Myers, Walter Dean. Monster. Harper Collins Books, 1999. $14.95, 240 pages.
Link to Author’s Website: http://walterdeanmyers.net/
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Steve Harmon’s future hangs in the balance as he is put on trial to determine if he is a monster.
Steve Harmon is on trial for his part in a drug store robbery that ended with the owner being killed. To distance himself from the horrific events of the trial and the time he spends in jail, Steve writes about it as a screenplay, something he learned about in his classes at the high school. The prosecutor accuses him of being a monster, and Steve spends the remainder of the trial examining his motivations and his person to determine if he really is a monster. He writes his thoughts in a diary, and describes the trial as if he were directing a show. Besides the time spent in court, Steve also spends time with his lawyer, who is trying her best to fight overwhelming odds, and spends time in his jail cell, with bored and cynical prison guards looking on. Will the jury find him guilty of being a monster and sentence him to life in prison?
Walter Dean Myers writes about the realistic situation of young black males in Monster. Through Steve’s eyes, the reader views the things that have lead up to the robbery and to the trial and to who he is today. The series of events are bleak and unpromising, creating a dark and hopeless atmosphere that hangs over the entire story. The presence of gangs and the realities of these hard lives are brought into the spotlight as the story continues. Another dark theme in the novel has to do with race and the legal system. Steve’s accounts are terrifying, as he seems to be considered guilty until proven innocent. It is a horrendous feeling of hopelessness and despair. In the end, although the trial is done, Steve still questions who he is and if he is a monster. The writing style is innovative with the use of both the screenplay and the diary. This does make it more complex for readers to understand.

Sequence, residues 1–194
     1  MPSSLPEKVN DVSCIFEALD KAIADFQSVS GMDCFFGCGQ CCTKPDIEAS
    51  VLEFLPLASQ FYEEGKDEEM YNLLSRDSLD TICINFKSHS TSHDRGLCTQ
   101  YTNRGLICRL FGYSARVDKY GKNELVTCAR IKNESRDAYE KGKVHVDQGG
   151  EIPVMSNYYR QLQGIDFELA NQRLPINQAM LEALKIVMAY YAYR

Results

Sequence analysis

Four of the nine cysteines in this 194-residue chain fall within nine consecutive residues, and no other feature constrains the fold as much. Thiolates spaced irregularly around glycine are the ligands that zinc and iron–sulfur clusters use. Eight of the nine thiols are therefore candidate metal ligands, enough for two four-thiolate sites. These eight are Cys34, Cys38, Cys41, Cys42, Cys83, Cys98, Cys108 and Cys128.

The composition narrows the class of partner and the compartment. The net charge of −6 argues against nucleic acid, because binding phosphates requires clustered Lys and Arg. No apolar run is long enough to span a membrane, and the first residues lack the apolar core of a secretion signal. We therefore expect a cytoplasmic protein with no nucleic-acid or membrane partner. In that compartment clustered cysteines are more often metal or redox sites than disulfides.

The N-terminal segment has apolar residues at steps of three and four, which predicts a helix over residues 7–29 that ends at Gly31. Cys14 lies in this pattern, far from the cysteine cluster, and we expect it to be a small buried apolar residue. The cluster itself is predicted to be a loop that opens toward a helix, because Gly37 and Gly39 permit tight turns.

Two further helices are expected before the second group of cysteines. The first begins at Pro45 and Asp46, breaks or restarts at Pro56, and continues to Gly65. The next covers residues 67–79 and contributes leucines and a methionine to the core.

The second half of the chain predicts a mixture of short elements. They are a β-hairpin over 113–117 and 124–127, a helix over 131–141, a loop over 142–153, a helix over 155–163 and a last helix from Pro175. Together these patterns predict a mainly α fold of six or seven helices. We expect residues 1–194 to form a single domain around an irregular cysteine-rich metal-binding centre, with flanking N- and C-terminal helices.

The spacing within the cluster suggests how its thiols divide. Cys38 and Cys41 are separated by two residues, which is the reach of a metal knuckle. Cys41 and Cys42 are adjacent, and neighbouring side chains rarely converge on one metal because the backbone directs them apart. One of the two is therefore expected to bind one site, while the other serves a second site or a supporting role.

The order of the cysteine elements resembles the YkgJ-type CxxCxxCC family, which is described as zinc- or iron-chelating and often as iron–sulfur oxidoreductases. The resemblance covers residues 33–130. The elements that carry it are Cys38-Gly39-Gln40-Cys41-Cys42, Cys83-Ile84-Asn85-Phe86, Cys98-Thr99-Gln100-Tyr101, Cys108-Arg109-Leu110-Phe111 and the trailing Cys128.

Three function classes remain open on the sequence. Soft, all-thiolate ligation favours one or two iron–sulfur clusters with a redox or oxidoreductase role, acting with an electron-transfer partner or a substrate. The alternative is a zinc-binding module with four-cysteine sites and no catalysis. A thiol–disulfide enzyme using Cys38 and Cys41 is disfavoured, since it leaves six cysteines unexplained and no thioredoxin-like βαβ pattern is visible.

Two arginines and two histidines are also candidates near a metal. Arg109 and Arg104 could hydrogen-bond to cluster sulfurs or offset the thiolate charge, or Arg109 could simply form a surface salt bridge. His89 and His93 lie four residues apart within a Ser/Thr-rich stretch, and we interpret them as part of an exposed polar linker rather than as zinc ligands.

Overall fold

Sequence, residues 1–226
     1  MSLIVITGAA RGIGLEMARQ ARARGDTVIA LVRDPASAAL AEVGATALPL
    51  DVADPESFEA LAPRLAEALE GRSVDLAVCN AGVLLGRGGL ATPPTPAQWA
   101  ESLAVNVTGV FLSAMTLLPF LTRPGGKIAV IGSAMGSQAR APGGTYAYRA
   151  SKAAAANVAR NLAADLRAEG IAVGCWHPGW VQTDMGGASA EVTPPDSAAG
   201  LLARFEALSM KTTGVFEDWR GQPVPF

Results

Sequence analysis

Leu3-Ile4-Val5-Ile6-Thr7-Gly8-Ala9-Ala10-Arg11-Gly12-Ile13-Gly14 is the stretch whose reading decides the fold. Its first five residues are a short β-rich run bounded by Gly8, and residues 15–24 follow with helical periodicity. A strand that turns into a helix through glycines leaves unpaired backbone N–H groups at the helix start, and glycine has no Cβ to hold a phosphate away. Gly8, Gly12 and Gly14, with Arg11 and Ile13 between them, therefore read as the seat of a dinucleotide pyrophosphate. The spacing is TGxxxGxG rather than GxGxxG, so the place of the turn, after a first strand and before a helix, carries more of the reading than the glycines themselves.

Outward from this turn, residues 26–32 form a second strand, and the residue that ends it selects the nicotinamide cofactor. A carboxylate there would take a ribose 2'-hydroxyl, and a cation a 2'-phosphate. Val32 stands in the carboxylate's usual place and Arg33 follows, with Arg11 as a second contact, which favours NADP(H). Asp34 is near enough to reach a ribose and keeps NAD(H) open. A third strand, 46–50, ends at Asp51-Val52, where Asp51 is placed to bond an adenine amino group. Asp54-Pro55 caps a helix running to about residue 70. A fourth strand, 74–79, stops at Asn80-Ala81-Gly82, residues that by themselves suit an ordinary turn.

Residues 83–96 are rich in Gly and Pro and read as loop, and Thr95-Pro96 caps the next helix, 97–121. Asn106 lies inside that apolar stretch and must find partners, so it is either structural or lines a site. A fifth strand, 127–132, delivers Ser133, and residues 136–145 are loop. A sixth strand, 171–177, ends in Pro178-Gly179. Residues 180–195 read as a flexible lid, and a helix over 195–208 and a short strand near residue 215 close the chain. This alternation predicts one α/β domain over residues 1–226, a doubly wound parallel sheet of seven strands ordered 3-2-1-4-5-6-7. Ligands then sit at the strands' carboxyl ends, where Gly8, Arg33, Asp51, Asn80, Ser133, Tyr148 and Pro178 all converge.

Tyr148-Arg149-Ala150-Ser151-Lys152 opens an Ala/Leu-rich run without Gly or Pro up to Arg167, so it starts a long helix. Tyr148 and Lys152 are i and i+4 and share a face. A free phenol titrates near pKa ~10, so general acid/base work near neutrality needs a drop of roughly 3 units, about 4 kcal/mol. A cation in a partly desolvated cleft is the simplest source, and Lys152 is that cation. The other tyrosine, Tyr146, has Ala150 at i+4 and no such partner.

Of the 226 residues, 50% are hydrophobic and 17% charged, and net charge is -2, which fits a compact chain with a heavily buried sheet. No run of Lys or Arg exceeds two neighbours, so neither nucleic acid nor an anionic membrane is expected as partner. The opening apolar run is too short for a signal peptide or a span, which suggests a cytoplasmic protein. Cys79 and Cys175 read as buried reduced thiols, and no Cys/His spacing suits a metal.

- Popularity: 4
- Quality: 4
Genre and Subgenre: realistic fiction
Appeal Factors: realistic problems, screenplay writing style, drama, suspense
Readalike Titles or Authors:
- Life in Prison by Stanley Williams
- Durango Street by Frank Bonham
- When I was Joe by Keren David
Awards Won and Book Lists:
- National Book Award nominee
- Coretta Scott King Award
- Printz Award
- Description of the crime
- Screenplay of Steve’s verdict coming in
- Steve’s lawyer doubting Steve’s innocence
Book Discussion Questions or Ideas:
- How does the screenplay format affect the way the story is told?
- Would you believe that Steve was innocent based on the evidence and witness testimony?
- What does the book say about the state of the justice system? Do you agree or disagree with what it says?
Why I Chose This:
I chose this title because it dealt with an African American youth in prison. It also appealed because of the writing style used in this novel.